BUJUMBURA, Jan 22 (Reuters) - Aid-dependent Burundi could see its tax revenues rise 10.2 percent to 720.8 billion francs ($466.54 million) in 2015 from last year due to higher tax collection on consumption and improved anti-graft efforts, its revenue board said on Thursday.
The landlocked East African country of nearly 10 million people expects economic activity to increase as it holds elections, including a presidential vote on June 26.
“We predict this year there will be intense economic activities with the election period, and this will boost consumption and generate more tax revenues,” General Manager Domitien Ndihokubwayo told a news conference.
Just under half of Burundi’s planned 1.5 trillion franc ($970 million) budget for 2015 will be funded by international donors, according to a plan approved by parliament last month.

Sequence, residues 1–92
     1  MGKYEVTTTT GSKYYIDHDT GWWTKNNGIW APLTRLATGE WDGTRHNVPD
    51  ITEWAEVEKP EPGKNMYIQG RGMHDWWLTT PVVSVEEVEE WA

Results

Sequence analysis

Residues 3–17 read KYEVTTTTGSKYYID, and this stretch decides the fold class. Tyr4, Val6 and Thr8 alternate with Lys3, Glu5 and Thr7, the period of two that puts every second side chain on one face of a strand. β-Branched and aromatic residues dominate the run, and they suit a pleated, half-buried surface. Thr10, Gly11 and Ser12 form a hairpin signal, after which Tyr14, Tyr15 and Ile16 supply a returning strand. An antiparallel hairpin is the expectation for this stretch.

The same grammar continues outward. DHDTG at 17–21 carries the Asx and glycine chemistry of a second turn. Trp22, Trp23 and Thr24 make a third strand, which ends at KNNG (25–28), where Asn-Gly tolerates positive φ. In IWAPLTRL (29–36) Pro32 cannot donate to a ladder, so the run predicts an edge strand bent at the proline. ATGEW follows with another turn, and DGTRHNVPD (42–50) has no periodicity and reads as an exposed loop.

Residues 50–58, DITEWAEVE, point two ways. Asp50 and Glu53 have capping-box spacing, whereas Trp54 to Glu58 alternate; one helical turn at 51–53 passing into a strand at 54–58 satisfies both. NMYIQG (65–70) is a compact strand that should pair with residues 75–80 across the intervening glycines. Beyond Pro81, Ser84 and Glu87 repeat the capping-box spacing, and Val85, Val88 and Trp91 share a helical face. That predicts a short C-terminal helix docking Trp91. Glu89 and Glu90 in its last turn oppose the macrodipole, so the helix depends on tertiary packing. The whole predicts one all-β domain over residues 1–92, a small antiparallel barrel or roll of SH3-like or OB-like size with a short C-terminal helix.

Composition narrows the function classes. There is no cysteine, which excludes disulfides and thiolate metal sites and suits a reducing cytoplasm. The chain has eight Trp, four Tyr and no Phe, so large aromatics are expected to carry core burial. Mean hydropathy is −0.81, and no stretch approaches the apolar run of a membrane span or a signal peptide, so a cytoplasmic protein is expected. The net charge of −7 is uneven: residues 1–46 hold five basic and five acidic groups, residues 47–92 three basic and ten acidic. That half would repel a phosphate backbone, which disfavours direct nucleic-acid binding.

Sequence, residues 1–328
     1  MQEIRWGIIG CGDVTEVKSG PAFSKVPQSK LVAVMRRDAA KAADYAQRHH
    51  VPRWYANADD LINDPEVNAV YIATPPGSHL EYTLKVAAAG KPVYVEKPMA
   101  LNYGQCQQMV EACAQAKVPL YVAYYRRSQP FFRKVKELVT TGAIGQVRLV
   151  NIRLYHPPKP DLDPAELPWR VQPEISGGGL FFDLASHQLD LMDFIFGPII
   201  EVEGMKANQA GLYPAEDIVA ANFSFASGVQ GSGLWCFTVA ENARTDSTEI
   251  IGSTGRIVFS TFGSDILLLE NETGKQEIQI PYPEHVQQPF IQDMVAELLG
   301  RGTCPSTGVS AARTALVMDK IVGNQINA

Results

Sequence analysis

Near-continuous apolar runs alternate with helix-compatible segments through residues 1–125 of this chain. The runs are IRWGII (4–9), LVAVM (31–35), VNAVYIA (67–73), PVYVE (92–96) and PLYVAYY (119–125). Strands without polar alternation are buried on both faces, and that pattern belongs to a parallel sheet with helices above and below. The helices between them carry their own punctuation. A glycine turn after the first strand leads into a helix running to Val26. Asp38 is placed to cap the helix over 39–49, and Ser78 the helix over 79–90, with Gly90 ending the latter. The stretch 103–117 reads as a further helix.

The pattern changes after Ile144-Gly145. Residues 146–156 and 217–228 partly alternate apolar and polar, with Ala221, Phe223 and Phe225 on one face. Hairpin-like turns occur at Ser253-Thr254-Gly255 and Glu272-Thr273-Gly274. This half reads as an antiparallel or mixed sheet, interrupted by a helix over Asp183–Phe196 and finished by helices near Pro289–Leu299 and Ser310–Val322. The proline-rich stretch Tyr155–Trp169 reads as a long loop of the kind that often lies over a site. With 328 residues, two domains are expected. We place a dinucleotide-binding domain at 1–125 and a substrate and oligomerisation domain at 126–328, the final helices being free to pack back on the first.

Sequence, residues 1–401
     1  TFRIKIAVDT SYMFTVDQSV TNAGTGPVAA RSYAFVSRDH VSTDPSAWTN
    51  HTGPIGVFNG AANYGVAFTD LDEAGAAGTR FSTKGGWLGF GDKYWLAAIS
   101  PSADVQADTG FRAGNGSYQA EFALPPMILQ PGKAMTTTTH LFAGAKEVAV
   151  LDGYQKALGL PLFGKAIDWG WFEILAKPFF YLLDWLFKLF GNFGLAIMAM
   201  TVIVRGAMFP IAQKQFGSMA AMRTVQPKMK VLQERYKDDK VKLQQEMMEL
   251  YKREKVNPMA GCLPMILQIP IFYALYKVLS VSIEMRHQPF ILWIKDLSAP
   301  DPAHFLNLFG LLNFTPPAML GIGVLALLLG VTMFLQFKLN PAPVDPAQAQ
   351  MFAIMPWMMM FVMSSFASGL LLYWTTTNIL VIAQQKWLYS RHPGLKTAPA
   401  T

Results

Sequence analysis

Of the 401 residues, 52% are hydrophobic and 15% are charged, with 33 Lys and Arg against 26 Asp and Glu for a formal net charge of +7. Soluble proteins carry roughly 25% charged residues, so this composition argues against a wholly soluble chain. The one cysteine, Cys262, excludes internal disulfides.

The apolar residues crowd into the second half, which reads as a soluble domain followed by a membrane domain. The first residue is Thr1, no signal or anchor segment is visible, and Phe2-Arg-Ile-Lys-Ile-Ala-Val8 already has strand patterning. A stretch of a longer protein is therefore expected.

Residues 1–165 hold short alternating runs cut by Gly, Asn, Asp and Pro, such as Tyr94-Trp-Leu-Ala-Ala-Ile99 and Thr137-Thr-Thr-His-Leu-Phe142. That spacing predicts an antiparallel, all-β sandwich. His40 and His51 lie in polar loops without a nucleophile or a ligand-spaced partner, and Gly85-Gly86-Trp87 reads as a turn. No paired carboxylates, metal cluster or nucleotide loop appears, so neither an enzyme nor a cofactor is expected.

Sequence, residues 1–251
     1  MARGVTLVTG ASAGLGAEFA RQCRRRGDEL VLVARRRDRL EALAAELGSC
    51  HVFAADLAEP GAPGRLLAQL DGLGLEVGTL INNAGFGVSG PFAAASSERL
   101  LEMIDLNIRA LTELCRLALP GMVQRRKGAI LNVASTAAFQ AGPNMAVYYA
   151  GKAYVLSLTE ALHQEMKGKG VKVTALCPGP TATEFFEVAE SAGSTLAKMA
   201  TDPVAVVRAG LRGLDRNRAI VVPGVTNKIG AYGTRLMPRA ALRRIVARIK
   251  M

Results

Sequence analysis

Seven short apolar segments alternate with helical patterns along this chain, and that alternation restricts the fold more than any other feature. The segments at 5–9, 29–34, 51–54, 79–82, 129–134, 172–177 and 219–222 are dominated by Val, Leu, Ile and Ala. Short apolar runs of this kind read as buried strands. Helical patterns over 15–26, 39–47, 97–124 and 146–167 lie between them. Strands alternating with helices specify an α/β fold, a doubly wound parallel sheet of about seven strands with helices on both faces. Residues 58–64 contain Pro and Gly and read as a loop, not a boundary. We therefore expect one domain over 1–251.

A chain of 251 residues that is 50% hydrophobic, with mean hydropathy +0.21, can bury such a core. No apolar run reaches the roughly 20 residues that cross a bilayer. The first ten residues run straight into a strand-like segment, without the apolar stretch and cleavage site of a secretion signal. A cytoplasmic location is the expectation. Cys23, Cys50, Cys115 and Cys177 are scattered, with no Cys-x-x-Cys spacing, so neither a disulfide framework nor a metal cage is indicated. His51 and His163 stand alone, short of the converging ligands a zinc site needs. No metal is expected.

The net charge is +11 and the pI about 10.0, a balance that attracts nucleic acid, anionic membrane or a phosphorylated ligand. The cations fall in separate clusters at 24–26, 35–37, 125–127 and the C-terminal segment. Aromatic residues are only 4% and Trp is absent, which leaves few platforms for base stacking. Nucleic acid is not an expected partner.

The government expects to receive grants worth 679.8 billion francs, down from 707.8 billion francs it received in 2014.
Ndihokubwayo also said a campaign against corruption would help to increase tax collection.
Burundi is struggling to fight corruption and boost tax revenues to reduce its heavy reliance on foreign aid.
To achieve that goal, it set up in 2010 a semi-autonomous revenue authority with the support from donors such as Britain and the World Bank, to help maximize the tax base and reform the taxation system.
The authority known as OBR collected 653.7 billion francs in 2014, up from a collection of 559.5 billion francs in 2013.
$1 = 1,545.0000 Burundi francs Reporting by Patrick Nduwimana; Editing by James Macharia